The Truth is Powerful

As instructors, we shouldn’t assume students know how to work in teams, argues Steve Reifenberg, who offers some suggestions for how to help them do it better.

For the past decade, I have been teaching international development and global affairs classes that focus on student teams working together over the semester on a challenge presented by an international organization. Effective teamwork is key to the success of those projects.

Working in teams has many benefits. Teamwork taps into the diverse backgrounds, skills, knowledge and experiences of each person in the group. It allows students to use their creativity and build on one another’s ideas. Through teamwork, students learn how to explore expansively what a good product might look like and design thoughtfully how to get there.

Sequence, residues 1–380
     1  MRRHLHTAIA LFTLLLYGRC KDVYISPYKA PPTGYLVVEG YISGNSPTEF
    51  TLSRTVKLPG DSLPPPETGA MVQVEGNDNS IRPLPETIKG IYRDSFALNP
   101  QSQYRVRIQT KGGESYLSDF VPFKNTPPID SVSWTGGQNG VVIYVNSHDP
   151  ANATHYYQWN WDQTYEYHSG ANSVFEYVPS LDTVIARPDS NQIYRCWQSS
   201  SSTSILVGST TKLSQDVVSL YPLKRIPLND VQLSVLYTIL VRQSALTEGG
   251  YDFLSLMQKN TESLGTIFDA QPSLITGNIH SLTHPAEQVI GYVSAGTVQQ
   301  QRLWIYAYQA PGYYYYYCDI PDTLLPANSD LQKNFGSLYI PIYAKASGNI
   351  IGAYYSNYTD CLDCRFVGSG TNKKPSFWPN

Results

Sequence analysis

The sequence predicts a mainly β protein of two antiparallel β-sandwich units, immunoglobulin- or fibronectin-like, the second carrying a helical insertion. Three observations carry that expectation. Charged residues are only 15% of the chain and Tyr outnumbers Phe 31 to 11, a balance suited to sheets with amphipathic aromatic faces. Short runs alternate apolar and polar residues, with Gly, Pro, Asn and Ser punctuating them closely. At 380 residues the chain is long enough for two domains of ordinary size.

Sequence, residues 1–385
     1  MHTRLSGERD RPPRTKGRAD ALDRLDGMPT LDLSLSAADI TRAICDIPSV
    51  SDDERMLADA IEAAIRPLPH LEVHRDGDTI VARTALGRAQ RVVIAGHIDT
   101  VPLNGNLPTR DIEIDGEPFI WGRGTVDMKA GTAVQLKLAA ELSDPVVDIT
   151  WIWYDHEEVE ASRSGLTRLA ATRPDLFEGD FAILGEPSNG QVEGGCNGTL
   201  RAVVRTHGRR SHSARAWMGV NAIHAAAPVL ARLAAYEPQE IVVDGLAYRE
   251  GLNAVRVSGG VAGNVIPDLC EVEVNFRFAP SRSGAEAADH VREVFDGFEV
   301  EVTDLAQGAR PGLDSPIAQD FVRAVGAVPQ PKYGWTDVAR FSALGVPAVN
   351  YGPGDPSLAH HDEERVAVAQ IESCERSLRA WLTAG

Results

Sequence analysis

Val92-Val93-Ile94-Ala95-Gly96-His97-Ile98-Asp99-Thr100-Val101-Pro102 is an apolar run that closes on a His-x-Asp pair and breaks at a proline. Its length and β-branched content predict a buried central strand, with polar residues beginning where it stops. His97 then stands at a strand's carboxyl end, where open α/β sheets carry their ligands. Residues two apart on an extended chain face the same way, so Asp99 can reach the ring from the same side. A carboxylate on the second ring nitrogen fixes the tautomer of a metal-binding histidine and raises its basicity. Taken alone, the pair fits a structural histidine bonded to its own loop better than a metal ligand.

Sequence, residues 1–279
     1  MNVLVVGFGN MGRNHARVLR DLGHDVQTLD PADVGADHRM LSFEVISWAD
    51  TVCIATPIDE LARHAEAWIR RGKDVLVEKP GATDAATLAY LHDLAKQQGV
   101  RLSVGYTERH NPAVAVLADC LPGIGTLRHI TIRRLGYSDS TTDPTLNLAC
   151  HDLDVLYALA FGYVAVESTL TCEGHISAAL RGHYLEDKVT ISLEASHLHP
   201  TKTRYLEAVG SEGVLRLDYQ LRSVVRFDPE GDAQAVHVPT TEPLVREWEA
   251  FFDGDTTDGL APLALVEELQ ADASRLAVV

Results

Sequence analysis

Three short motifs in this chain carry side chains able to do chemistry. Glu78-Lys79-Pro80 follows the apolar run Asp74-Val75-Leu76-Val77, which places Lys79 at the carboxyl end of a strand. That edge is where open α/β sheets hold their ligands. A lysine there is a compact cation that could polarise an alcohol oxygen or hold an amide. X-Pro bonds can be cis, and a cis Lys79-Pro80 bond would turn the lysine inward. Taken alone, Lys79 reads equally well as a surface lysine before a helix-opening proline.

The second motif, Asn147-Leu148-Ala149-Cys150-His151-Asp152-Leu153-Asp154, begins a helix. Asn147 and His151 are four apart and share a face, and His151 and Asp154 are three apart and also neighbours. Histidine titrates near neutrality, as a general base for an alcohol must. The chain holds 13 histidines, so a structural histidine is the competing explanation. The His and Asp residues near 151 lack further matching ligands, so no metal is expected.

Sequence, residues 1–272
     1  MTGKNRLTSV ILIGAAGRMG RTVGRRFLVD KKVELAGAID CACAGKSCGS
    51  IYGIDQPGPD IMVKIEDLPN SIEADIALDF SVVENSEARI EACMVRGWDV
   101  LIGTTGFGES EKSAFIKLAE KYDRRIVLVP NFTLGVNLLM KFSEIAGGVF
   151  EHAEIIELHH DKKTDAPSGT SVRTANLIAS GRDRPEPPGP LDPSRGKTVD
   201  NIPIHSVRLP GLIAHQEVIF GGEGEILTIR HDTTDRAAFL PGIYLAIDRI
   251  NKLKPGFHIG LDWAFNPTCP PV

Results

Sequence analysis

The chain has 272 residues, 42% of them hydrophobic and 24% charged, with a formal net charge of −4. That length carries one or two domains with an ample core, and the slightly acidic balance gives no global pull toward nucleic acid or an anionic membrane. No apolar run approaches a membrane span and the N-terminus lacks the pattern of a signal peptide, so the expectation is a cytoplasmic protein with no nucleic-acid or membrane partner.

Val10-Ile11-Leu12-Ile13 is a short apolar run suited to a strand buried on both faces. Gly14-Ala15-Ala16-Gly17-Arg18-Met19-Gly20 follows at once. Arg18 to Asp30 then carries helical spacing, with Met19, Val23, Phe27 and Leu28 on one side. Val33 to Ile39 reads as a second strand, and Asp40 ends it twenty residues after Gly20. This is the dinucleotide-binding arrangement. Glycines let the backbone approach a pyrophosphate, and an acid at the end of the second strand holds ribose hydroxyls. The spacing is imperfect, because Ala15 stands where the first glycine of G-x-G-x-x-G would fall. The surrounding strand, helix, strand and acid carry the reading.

Yet at the beginning of the semester, I often ask students three questions about their experiences on teams, and their responses are often disconcerting.

First question: How many of you have had experiences in college working on a team-based class project?

Typically, almost everyone answers yes. This semester, when I asked this question in an undergraduate international development class made up of majors from across the university, 18 out of 20 students raised their hands — that is, 90 percent had been required to be on a team as part of a college class.

Second question: If you’re honest, how many of you like to […]

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